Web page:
> since it basically supplies the info that the portmapper would return.

To be precise, the mount command may also want to query when it needs to determine the version or transport to use.

In the legacy case, this is a common operation.  For text-based mounts, we start with a set of defaults, and if that doesn't work, the mount command renegotiates (via rpcbind queries).
Comment 16 Steve Dickson 2009-06-12 11:15:04 EDT
>> If remember correctly I wrote the code with very short time outs
>> so if the service didn't exist, it was known in a very short time.
> That may work for UDP, but a TCP connect usually introduces a long timeout,
> even for an RPC NULLPROC ping or when attempting to connect to a portmapper
> that may not be accessible.

I believe I solved this problem *always* doing a UDP ping first
and then the TCP connect() when 'proto=tcp' was not specified...


In the end, I would think all this type of ping should be done 
from the mount command... so it can be (more) easily changed...
Comment 17 Chuck Lever 2009-06-12 11:27:54 EDT
(In reply to comment #16)
> >> If remember correctly I wrote the code with very short time outs
> >> so if the service didn't exist, it was known in a very short time.
> > That may work for UDP, but a TCP connect usually introduces a long timeout,
> > even for an RPC NULLPROC ping or when attempting to connect to a portmapper
> > that may not be accessible.
> 
> I believe I solved this problem *always* doing a UDP ping first
> and then the TCP connect() when 'proto=tcp' was not specified...

How does a UDP ping tell you if the TCP port is active?
Comment 18 Chuck Lever 2009-06-12 14:00:42 EDT
So, here's something interesting.

In my test case, the server isn't listening on TCP port 10000, so the client immediately gets RST,ACK from the server.  The kernel's RPC client was simply retrying the connect over and over to get the NULLPROC through.  Basically it was ignoring the RST, since the RPC client was hard, not soft.

So, I hacked my client to fail NULLPROC immediately if the server refuses the connection.  This causes the mount(2) system call to fail immediately with ECONNREFUSED, which is just what we want.  The upper layer protocol should usually decide policy; ie. how to recover if a transport connection can't be established.

However... a foreground mount is retried for 2 minutes by default (this should be true for both legacy and text-based mounts).  Even though the mount system call is failing immediately now, the mount command is still retrying for 2 minutes!  The mount command retries because it assumes that the server might be temporarily offline (for example, after a whole site loses power), so it keeps trying for a bit.

Now we have this question: how can the mount command tell the difference between a valid but incorrect port number and an NFS server that simply hasn't come up yet?  What if the server's portmapper is up, but its NFS service hasn't start yet?  What if the server itself is misconfigured?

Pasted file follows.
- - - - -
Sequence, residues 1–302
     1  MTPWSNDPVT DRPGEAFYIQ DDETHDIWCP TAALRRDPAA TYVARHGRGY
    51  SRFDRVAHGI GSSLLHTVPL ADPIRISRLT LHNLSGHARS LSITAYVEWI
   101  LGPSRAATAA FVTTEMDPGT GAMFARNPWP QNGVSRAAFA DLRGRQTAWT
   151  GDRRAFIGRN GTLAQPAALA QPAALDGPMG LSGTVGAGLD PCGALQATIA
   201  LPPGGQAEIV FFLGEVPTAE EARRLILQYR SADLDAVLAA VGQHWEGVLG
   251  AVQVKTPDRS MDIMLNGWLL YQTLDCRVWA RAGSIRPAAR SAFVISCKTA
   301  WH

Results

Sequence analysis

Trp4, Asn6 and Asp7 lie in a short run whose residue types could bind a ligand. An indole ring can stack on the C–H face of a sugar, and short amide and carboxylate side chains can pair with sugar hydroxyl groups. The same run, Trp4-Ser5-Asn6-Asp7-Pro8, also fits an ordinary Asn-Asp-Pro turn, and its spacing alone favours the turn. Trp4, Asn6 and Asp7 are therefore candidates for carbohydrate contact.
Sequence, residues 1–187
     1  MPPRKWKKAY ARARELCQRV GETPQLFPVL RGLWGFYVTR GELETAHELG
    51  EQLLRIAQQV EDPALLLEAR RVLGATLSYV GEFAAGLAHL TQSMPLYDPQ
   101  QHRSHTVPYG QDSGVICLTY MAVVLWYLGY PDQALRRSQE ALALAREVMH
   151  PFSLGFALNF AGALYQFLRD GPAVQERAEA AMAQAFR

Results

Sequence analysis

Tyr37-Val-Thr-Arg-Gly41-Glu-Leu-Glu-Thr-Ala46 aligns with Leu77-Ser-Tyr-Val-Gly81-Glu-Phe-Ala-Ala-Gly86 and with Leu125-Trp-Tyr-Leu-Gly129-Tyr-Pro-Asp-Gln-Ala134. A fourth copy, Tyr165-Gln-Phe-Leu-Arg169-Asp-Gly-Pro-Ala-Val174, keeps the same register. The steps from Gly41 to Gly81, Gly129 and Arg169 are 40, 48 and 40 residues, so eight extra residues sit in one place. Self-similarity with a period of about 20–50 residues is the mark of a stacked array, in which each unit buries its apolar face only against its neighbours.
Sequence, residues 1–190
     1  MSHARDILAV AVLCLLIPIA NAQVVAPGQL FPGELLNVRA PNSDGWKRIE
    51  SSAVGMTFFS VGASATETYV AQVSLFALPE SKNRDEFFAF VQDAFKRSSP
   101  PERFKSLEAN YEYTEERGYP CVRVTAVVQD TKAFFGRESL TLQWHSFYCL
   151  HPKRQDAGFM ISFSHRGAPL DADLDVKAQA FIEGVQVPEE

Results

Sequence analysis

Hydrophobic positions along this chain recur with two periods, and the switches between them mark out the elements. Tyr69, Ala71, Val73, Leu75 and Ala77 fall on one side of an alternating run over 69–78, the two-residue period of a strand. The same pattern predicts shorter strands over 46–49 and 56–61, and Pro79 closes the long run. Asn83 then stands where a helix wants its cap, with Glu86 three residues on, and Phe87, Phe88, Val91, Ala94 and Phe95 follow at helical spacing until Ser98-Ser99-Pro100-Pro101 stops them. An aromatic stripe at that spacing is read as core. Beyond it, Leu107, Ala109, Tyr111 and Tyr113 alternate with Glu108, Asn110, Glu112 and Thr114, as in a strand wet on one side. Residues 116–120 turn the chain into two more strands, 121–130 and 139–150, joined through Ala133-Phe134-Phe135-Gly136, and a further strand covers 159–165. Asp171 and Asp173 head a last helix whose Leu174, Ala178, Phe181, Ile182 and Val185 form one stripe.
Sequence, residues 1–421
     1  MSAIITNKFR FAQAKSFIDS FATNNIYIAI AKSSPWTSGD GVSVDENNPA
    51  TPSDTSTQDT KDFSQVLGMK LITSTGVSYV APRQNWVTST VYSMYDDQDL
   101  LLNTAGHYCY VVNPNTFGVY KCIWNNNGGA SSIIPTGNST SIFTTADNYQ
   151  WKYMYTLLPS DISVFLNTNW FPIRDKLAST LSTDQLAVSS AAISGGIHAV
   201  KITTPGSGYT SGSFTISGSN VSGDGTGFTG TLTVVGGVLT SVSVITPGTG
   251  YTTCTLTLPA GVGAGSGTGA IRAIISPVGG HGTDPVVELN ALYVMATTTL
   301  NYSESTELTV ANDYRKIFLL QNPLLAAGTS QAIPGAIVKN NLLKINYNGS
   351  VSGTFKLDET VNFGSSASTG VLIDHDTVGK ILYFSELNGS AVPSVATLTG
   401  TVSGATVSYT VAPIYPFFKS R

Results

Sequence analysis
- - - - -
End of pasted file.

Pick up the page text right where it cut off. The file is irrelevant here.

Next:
Again, I have to conclude that retrying here (hanging, if you will) is probably the right answer in terms of overall reliability.  Matching up the port number to the rpcbind query, as the legacy mount command does, has some limitations, I think [*].

I agree that hanging mount requests should be avoided whenever possible, especially in automounter environments.  The challenge, though, is distinguishing between faulty mount options, and temporary server and network problems.

[*] The dependence on the client's ability to access the server's portmapper is problematic.  I think we should still be able to mount an NFS server where the server's portmapper is not accessible by the client.  If there is disagreement here, we probably should take this issue to the community.
Comment 19 Steve Dickson 2009-06-12 15:21:12 EDT
> Now we have this question: how can the mount command tell the difference
> between a valid but incorrect port number and an NFS server that simply hasn't
> come up yet?  What if the server's portmapper is up, but its NFS service hasn't
> start yet?  What if the server itself is misconfigured?

I think we leave this decision up to the caller of the mount(2)
system call.. in this case mount.nfs. There reason being the 
mount command can be configured to retry as need... if at all...
So I would say bubble up the failure and let the user decided...
Comment 20 Chuck Lever 2009-06-12 15:54:58 EDT
Created attachment 347656 [details]
SUNRPC: RPC pings should fail quickly

This patch attempts to make kernel-level RPC pings fail quickly if the remote isn't listening.  In this way, control will return from a mount(2) system call with an error code that suggests that the mount command should retry the mount later.

For TCP, a RST from the server will generate an immediate ECONNREFUSED.  For UDP, which is unconnected, several retries are attempted before the kernel gives up with ETIMEDOUT.

Specifying the mount option "retry=0" on the mount.nfs command line will make the mount request fail immediately when the system call returns.

I have doubts about whether this patch will be acceptable upstream, but it's worth trying this patch for discussion purposes.
Comment 21 Ian Kent 2009-06-13 00:53:31 EDT
(In reply to comment #18)
> 
> Now we have this question: how can the mount command tell the difference
> between a valid but incorrect port number and an NFS server that simply hasn't
> come up yet?  What if the server's portmapper is up, but its NFS service hasn't